Storm of Confusion: 51% believe stormy weather interferes with cloud computing
Try bringing up “cloud computing” at a dinner party (preferably one involving your start-up friends, VCs and/or fans of The Big Bang Theory) and you’ll get anything but consensus.
“The cloud.” I can’t think of a buzzword in tech that has garnered more headlines, hype, and confusion in recent memory. I remember Oracle CEO Larry Ellison scoffing at the concept during a panel a few years ago here in the valley, simply because we’ve always been storing and accessing data on remote computers. What’s the difference? It could be pricing models. It could be technical infrastructure. Or, as the cynic might suggest, it could be the Great Marketing Triumph of the early 21st century. After all, us champions of tech, us bleeding-edgers, love to re-invent things, and to re-visit things from our past – like, in this case, client-server computing.
The most entertaining part of cloud computing is the diversity of definitions you’ll get for the concept. Try bringing up the topic at a dinner party (preferably one involving your start-up friends, VCs and/or fans of The Big Bang Theory) and you’ll get anything but consensus. Most, though, will agree that “the cloud” is a big deal, and that there’s a veritable gold mine for those savvy enough to figure out how to monetize those streams of bits and bytes.
If we here in Silicon Valley wrestle with the “the cloud” and its definition and its impact, than what of the rest of the country?
Citrix just released some survey results (which were conducted by Wakefield Research) on the “masses” perception and understanding of cloud computing. The embargo lifted today, and I’m not exactly surprised with the main takeaway:
“51% believe stormy weather would interfere with their cloud computing.”
More interesting is that “the majority of Americans (54%) claim to never use the cloud.”
As the report points out, little do they — and a lot of us — realize is that in fact we are using cloud-based services every day, whether we know it or not. Banking online. Shopping online. Social networking sites such as Facebook and Twitter. Online games, and file- and photo-sharing service are all cloud-based. Come to think of it, the better question might be: what software and services are not cloud based?
Regardless, the cloud, according to this study, is at least perceived as important, and as the future:
“3 in 5 believe the ‘workplace of the future’ will exist entirely in the cloud.”
And lest you think this is not really, really important to our well-being and ability to move an industry and society at large forward:
“Nearly 1 in 5 (17%) have pretended to know what the cloud was during a first date.”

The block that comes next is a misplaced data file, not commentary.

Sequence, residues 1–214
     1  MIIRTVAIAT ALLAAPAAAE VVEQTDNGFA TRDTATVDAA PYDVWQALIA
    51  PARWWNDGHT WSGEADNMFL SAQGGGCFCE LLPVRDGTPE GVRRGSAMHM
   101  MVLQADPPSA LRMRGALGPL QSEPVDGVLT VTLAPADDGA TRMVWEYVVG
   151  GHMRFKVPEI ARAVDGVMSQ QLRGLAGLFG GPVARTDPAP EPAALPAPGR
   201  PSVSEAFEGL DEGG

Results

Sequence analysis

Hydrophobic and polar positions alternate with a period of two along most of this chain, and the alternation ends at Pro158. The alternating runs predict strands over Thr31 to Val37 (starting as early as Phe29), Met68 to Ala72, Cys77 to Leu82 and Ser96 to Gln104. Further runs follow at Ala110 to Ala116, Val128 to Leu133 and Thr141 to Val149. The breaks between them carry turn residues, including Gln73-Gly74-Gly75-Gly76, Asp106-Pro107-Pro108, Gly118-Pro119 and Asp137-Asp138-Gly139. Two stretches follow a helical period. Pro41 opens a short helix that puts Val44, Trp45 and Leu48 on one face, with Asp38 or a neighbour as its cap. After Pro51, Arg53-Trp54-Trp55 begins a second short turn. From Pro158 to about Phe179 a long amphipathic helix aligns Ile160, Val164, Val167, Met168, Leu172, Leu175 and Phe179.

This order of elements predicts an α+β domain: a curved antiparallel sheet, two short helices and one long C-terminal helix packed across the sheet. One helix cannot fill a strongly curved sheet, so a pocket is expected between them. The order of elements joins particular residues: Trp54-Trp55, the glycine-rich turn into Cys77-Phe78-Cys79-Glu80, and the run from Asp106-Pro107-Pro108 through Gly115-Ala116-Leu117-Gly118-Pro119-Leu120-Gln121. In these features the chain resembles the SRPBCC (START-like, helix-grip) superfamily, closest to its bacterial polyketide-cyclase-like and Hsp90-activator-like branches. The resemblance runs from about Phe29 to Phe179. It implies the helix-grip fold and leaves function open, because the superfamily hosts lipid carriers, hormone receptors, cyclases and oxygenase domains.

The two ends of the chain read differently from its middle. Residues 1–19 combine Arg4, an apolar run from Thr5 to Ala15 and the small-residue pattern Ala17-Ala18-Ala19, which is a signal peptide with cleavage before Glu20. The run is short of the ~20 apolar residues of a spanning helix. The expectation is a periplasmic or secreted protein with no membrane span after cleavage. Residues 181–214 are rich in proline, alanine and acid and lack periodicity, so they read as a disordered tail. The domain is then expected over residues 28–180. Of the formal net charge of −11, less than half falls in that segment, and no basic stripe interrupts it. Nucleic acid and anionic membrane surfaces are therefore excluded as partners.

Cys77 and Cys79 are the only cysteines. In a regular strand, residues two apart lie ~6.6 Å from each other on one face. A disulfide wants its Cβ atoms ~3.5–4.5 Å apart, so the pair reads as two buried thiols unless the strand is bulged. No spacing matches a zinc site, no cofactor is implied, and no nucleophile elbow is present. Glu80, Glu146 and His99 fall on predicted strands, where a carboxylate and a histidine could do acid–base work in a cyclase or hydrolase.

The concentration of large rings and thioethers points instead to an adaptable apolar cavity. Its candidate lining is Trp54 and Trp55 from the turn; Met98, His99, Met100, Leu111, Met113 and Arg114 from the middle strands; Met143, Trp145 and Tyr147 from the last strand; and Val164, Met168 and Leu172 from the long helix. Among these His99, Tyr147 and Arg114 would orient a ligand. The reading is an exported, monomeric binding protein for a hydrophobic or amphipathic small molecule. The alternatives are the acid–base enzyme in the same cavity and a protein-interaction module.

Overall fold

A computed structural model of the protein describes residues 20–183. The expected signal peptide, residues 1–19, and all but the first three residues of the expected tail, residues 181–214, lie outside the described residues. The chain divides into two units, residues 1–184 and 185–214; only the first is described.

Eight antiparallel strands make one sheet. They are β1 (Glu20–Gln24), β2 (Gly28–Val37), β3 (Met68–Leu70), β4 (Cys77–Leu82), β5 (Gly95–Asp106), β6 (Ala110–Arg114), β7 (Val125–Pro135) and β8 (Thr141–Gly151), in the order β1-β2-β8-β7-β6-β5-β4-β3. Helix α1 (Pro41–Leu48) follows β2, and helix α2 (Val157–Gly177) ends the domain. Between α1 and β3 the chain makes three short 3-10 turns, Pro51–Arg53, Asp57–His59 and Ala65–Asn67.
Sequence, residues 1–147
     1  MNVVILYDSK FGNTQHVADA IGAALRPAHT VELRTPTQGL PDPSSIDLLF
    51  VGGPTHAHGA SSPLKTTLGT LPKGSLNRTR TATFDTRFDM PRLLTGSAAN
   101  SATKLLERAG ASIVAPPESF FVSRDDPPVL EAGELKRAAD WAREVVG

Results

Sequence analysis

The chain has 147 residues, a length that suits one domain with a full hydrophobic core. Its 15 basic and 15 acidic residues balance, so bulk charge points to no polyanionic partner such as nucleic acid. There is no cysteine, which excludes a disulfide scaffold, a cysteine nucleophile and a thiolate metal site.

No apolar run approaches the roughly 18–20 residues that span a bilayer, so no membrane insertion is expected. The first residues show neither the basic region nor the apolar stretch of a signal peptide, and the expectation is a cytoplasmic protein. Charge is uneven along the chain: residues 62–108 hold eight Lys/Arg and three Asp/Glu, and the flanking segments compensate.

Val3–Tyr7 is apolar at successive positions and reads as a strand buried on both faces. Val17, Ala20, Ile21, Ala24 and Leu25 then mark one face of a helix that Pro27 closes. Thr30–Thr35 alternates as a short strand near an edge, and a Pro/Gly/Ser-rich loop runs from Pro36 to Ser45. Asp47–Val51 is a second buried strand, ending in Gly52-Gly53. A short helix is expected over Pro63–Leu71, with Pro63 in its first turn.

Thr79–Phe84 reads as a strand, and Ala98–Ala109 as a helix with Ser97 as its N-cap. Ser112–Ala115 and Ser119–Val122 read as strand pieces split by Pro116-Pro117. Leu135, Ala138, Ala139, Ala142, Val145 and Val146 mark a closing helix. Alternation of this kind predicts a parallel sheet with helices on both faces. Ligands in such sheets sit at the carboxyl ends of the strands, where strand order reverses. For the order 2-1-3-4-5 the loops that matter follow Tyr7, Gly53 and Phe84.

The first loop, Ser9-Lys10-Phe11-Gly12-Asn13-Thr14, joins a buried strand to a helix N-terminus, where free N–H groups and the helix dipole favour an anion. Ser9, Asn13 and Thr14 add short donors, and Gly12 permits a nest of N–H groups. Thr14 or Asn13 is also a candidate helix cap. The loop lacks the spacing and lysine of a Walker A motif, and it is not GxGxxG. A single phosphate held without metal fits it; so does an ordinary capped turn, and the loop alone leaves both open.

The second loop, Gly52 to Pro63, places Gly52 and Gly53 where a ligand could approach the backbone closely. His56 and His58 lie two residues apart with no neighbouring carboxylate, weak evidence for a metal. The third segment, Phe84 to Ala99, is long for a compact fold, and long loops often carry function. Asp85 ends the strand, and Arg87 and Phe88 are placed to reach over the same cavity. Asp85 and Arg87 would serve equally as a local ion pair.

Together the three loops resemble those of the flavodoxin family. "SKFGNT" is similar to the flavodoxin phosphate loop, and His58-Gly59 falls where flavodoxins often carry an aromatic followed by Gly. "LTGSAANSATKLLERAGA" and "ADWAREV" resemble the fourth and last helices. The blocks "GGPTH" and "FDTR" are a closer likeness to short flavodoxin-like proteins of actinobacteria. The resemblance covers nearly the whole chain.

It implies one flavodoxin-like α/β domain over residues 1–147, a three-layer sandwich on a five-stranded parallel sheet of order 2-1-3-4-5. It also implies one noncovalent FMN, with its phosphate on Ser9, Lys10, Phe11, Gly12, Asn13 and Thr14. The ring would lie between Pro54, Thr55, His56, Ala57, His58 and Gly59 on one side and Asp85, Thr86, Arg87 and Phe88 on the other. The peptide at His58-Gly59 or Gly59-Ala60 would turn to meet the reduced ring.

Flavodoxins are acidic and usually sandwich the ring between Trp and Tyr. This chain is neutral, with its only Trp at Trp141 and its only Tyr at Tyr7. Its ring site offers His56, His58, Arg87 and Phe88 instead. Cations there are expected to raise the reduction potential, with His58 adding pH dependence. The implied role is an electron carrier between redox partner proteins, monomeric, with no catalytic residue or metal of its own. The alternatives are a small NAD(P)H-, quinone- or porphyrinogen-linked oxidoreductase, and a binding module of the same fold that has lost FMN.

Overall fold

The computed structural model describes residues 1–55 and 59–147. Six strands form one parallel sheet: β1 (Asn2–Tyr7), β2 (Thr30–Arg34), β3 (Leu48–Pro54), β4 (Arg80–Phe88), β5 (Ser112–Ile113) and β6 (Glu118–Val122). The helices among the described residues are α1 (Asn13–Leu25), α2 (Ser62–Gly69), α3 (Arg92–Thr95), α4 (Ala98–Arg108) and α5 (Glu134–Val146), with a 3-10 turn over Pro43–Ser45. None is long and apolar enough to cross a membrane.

Those that do know what the cloud is all about — or at least think they know — are quick to point out that one of its primary advantages is the ability to work in their birthday suit from home. Someone, call Fox News.
Admittedly, this bit of research is unlikely to find its way into the halls of fame at Gartner or Forrester any time soon, but it does reveal that other side of technology that we often fail to consider: the human element.
Recently I attended a Churchill panel where Apple co-founder Steve Wozniak was marvelously pontificating about the future of mobile and the emergence of voice technology (“Eventually smell will matter. Eventually.”) Surprisingly, the room was filled with words such as humanization, sense, touch, smell, feel. Not once did I hear the term “API”. For such a techno-fueled discussion it was, as I later tweeted, refreshing.
One final finding from the report I found interesting:
The top deterrent from using the cloud cited by respondents to the survey is… cost.
Rounding out the top three concerns after cost (34%) are security (32%) and privacy (31%).
The number one reason I would suggest as the benefit for cloud technology is exactly that: cost.
It allows you to pay for what you use, and scale from there. You don’t need to build warehouses of server farms. You don’t need to invest in disk space unnecessarily. And you don’t need to employ a swath of IT professionals to manage the whole kit and kaboodle.
For Stark Insider and other sites we manage, we opted for Amazon Web Services. There’s no way even two or three years ago we could tap into that kind of horsepower and richly featured platform for such ridiculously low price points.
Further, most consumer cloud based services are free- or at least offer a free tier with minimal functionality. Dropbox, Google Drive, Pandora, Gmail, Microsoft’s new Outlook.com, Flickr, Facebook, Twitter… all are free. So I think this cost deterrent result is an odd duck.
Oh, so can stormy weather interfere with cloud computing?
Might want to ask Amazon, Rackspace or Savvis about that.
Maybe the masses really do know what they’re talking about…